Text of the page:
“Then the city asked us to look across the street,” said Houghton, at Fitterman Hall, owned by the City University of New York and highly damaged by the Twin Towers' collapse. “But we were back to the same problem: We'd be on too small a parcel, had to stack theaters together with the Joyce, so costs were extremely high.”
Signature and the city kept space-hunting. Eventually, the company announced that it wouldn't move downtown at all (the Joyce remains on board) and found a construction site in Midtown that is across the street from its current home. Houghton is thrilled, especially as New York City is pledging $25 million toward the project. Yet he maintains that a performing arts complex at the World Trade Center must be more than a dream: “The initial vision—this notion of culture aligning with the World Trade Center memorial to create a buffer from commerce and a tribute to those lost on 9/11—was on target. I'm hopeful the Joyce Theater continues to find its roots there. Thousands upon thousands of hours have been put into this vision.”
The chairperson of Community Board 1, which covers the World Trade Center site, is Julie Menin. She's a classic go-getter: lawyer, journalist, host of a WNBC interview show, member of the jury for the competition to design the World Trade Center memorial. She also serves on the board of the Lower Manhattan Development Corporation and founded Wall Street Rising, a nonprofit group focused on downtown revitalization.
Menin is not just hopeful about a performing arts complex; she's outspoken about it. And she insists that all stakeholders start taking seriously the timetable Levin outlined in October. In an issue of the community newspaper Downtown Express published right before Levin's testimony, Menin wrote that the lack of progress on a complex has been “a great source of disappointment.” She demanded that public officials “respect the very strong desire of the community to see the promised PAC built as it was intended in a timely manner.”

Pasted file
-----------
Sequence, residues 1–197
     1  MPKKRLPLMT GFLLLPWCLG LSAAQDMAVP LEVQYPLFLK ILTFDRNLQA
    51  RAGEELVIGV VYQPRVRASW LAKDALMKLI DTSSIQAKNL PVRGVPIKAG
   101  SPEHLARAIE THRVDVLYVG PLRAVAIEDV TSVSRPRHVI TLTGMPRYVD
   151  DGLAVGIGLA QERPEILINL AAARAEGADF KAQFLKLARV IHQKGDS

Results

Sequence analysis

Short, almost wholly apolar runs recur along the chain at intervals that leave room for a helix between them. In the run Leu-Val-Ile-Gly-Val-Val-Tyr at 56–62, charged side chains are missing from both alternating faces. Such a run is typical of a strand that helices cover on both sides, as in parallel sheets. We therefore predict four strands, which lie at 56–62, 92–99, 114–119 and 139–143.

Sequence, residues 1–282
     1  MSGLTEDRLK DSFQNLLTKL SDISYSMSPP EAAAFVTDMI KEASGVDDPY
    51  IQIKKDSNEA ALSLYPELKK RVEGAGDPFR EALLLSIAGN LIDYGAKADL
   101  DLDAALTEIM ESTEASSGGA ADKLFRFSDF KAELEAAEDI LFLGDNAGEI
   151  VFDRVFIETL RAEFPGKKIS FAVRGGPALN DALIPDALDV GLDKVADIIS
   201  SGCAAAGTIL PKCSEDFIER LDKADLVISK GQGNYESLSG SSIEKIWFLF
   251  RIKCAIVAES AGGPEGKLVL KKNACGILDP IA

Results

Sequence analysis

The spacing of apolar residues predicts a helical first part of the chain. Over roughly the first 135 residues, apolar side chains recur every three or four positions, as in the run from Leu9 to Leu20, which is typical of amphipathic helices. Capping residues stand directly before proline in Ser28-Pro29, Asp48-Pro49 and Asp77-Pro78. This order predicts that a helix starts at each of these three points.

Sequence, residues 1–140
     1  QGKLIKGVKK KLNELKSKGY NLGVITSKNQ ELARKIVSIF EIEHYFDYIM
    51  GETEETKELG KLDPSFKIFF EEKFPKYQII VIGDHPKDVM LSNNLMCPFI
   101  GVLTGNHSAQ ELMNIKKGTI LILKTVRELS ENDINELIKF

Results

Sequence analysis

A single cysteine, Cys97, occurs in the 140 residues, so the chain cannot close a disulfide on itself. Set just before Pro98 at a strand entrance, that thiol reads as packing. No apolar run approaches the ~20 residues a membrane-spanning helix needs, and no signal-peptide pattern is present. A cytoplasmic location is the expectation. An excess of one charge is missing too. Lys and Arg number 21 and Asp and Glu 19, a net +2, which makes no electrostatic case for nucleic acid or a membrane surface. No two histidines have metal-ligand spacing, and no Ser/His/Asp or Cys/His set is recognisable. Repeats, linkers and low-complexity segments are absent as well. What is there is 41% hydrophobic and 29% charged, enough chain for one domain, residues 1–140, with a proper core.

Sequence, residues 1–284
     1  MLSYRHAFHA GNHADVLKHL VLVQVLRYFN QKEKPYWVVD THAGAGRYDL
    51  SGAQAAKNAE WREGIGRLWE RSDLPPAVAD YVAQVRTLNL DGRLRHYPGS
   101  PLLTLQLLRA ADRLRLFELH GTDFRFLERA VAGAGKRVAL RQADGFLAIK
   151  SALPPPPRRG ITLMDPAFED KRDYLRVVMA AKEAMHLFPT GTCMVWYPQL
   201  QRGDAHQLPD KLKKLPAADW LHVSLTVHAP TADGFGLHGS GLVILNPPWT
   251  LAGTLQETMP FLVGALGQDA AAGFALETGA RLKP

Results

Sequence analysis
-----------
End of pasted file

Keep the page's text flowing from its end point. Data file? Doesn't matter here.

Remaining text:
“That's because we have an extremely narrow window to get this work done,” Menin said. “We can't foreclose the possibility that the site is still viable for a complex.” The issue, she said, isn't the fiscal downturn and isn't the dramatic drop in the New York commercial real estate market: “The reason for the delays at Ground Zero is there isn't one entity or one individual in charge. What we have is a multiplicity of agencies that together make things extremely difficult. Three governors have been involved in Ground Zero, and one mayor. And any number of different elected officials.”
Menin also said the artistic community must do its part. She exhorted actors, writers, directors, dancers, and visual artists—not to mention artistic directors, executive directors, funders—“to let our elected officials who control Ground Zero know a performing arts center isn't just a priority; it's one of the most important things we can do. What we want to do is make Lower Manhattan a world-class cultural facility. A performing arts center revitalized moribund Miami. Why can't New York City do that?”
She accused many of the World Trade Center stakeholders of worrying unduly about the 10 million square feet of office space currently under construction on the site: “What I'd say to those who never put the performing arts center first is this: You're doing this backward. If you want to revitalize an area [and] then charge the highest rent for office space, you need this performing arts center. There must be much more out-of-the-box thinking. We've got to think about all the ways in which we can utilize the arts.”